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By Brett Warren

10 most expensive suburbs in Sydney

It’s well known that Sydney is one of the best cities in the world to live in, but also one of the most expensive cities in the world.

After booming through 2020 and 2021 with prices rising by 27.2%, Sydney housing values fell -12.4% from their peak in January 2022 through to the recent trough in January 2023.

But now the Sydney housing market has clearly turned the corner with prices rising consistently for the last 11 months - now up 11.6% since January 2023 - meaning the city is firmly in the recovery phase of the property cycle.


Some of the city’s suburbs are so tightly held that an available property for sale comes around once in a blue moon with homeowners holding onto their houses for as long as 20 years.

And areas in lifestyle or coastal suburbs are still in particularly strong demand as homebuyers wait to secure their dream property.

The city’s median price for houses now stands at $1.39 million, up 2.0% since the last quarter and up 10.2% over the year.

It’s a similar story for units which have risen 1.3% over the quarter but are 7.1% higher year-on-year at a new $836,220 median.

Nonetheless, here in Sydney’s top 10 expensive suburbs list, you’ll find some of the most luxurious and expensive suburbs in the whole of Australia.

So, if you’re looking to see which affluent areas have the highest price tags, these are the top 10 most expensive suburbs to buy a property in Sydney, according to data from Domain and

1. Bellevue Hill – $9.57m

Families with deep pockets will find Bellevue Hill ideal, close to the best private schools, shops, beaches, and the city centre.

You’ll find lavish homes and incredible gardens in the area.

Bellevue Hill

The median house price is $9.57 million, up 12.6% over the past 12 months and pushing it into first place on the top 10 list.

Units average at around $1.3 million, which is a 24% decrease over the year.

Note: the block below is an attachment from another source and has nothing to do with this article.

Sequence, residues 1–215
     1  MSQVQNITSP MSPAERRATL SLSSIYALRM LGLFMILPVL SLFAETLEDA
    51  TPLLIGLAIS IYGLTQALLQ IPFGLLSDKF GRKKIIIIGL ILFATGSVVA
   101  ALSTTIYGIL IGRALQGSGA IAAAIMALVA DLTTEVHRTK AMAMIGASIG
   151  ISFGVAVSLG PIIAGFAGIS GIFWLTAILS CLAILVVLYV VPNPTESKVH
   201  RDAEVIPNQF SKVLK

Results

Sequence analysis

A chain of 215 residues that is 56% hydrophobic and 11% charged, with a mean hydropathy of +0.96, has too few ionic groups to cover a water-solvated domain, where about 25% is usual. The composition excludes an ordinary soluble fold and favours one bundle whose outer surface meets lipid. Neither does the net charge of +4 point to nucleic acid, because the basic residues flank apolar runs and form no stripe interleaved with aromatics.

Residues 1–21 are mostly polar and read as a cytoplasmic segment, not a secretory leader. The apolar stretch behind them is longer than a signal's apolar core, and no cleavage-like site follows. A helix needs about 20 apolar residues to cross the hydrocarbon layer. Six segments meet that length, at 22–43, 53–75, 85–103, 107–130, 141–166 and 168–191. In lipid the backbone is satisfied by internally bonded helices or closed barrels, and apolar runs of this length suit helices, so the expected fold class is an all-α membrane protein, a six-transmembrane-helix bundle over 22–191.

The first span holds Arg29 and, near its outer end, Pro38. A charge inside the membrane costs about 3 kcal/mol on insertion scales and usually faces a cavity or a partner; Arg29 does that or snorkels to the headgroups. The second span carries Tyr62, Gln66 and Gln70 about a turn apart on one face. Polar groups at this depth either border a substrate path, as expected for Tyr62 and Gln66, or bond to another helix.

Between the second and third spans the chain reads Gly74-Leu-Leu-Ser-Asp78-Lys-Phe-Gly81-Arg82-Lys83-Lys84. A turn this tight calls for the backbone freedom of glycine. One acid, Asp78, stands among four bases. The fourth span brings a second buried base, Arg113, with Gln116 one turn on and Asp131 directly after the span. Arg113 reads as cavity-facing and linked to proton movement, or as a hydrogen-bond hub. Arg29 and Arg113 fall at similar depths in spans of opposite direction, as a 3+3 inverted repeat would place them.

Properties in the area also fetch a decent price for rent – $2,547 per week for houses and $850 per week for units.

2. Darling Point – $8.88m

The most expensive place to buy a house in Sydney is only four kilometres away from the CBD and comes with picturesque waterfront views.

Sydney Darling Point

The median sale price for houses in Darling Point is an astronomical $8.88 million with rent coming in at $2,400 a week.

Even units average $2.65 million and $1,075 a week rent.

3. Vaucluse – $8.72m

Vaucluse is known for being an incredibly affluent area with peninsular and harbour views unlike any other.

You’ll find lavish beaches everywhere in this coastal haven.

Sydney Vaucluse

A median-priced house in Vaucluse will cost you a whopping $8.72 million and $2,987 in rent.

Units are more affordable in comparison to other expensive suburbs, coming in at around $1.37 million fetching $850 per week in rent.

Houses have dropped -0.6% over the past 12 months but units have risen 1.9% over the same period.

4. Centennial Park – $7.46m

Centennial Park is in the south-east of Sydney, only four kilometres away from the CBD.

Similar to Longueville, the area has many Federation and Victorian-style homes.

Median house prices are sitting at around $7.46 million but are hard to secure.

Units are significantly cheaper at around $886,000 (up 13% over the year) and $662 for weekly rent.

5. Tamarama – $7.42m

If you’re hoping to live close to Bondi, Tamarama is close by with only a few, very expensive homes for sale.